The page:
Let us not forget about the economy. As the years go on, the unemployment rate increases. Right now, in America, there is about a 5% unemployment rate. Sounds small, I know. However, you would be wrong if you thought that was a small amount. according to The United States Department of Labor’s Bureau of Labor Statistics, That 5% is equivalent to 7.9 million people, With that said, by putting people who on average wouldn’t have a job, into a safe place where they could make a stable salary, not only are we helping them live without having to collecting Federal grants for the disabled from the government, we are also making them feel like they “can be a real person” since they could buy things for themselves now. Also, since the government won’t have to provide those grants anymore, we can have more money to spend on ourselves! Three cheers for lower tax and unemployment rates! The tables have turned my freinds. Now, they are helping us instead of the other way around.

Putting disabled people into a freak show might limit people’s negative outlook on them. This is thoroughly stated by Carol Eustice, an Arthritis & Joint Conditions Expert. She writes, “Pessimistic people focus on the negative aspects of having a disability instead of trying to build up, encourage, and praise the accomplishments of people with disabilities. Pessimistic or negative people don’t want to learn about the realities of living with disability. They have preconceived ideas and often treat physically disabled people as if they are faking it or are lazy. Even worse, negative people sometimes treat physically disabled people as if they have no abilities at all.” By putting the less fortunate in the freak show, we can finally show people that when you have a disability, you’re not useless.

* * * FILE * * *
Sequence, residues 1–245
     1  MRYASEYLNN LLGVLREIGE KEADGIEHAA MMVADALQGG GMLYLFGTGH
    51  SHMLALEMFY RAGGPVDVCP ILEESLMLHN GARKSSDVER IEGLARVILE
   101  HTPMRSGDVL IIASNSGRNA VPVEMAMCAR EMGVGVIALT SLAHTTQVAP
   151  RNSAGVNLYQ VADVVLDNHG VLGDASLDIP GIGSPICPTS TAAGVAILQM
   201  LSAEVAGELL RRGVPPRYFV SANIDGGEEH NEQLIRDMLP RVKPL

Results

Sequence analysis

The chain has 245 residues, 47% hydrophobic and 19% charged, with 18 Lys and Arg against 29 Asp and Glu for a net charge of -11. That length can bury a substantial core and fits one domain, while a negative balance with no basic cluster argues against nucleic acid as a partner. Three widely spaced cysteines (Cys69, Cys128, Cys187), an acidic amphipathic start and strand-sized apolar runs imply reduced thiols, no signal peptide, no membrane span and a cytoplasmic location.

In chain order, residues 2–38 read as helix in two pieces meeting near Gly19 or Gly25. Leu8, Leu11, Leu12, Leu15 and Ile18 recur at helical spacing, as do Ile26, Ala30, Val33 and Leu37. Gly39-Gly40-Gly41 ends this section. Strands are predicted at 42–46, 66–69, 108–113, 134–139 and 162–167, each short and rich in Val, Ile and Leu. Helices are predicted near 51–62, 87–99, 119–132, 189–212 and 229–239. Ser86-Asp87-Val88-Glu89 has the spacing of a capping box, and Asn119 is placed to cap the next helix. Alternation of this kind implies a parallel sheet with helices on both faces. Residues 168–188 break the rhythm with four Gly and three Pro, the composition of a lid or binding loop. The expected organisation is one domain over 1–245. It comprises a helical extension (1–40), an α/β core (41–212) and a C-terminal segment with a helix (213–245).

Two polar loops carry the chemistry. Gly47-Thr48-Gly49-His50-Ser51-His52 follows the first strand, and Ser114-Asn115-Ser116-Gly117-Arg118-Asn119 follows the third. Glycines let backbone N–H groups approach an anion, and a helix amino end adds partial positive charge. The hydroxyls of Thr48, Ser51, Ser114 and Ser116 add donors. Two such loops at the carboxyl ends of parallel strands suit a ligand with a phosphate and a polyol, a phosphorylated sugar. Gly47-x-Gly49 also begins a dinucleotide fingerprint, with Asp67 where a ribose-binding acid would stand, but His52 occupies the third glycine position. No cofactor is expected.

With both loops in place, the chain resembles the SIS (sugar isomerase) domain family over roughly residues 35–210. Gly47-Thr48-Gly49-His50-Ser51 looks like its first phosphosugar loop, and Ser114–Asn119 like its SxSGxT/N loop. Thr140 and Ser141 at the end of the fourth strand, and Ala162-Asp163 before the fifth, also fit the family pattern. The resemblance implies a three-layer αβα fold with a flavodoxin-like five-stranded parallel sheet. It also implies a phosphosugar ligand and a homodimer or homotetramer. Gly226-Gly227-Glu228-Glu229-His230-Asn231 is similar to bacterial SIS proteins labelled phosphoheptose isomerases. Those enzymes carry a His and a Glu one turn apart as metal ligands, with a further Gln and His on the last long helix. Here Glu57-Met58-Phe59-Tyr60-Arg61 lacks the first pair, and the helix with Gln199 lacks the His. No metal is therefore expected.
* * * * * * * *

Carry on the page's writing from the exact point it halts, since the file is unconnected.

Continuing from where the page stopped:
If you’ve ever had any human interaction, you’d understand that when you’re labeled, whether it be for your personality, or looks, it basically defines you. The way people with disabilities are labeled will affect how they are seen by others, and how they perceive themselves. When disabled people join a freak show, not only will people realize that disabled people aren’t useless, the handicapped individual will feel like they have a purpose in society because they are being accepted by the people in their community. It is their time to shine! They can finally be praised for the abnormalities they were born with! No longer will these poor innocent people be chastised for being lazy! How can you possibly be lazy if you’re performing on stage? I’d like to see half of the obese people in America try and do what they can do on that stage.

If they want to roll through fire with their wheelchair, or paint a picture without having the sense of sight, so be it. It’s time they get the recognition they deserve. By the end of the show, I want these guys to feel like they belong. It would be the perfect opportunity to commend them.

Nobody wants to feel like they don’t belong. So, why do we constantly make people who are differently abled feel like that all of the time? The perfect solution to this problem, would be to make them all join a Freak Show. It would make them feel like they have a purpose in our society, it would lower our taxes, and unemployment rate. It would save us from having to feel awkward when we’re forced to talk to them, and it would act as a prime opportunity for them to make friends; something they generally don’t have a lot of. Our job as humans is to “love thy neighbors as thyself”. With this idea, we are giving the handicapped the same love and opportunity we give to ourselves, and other normal people like us. What could possibly be the issue with this?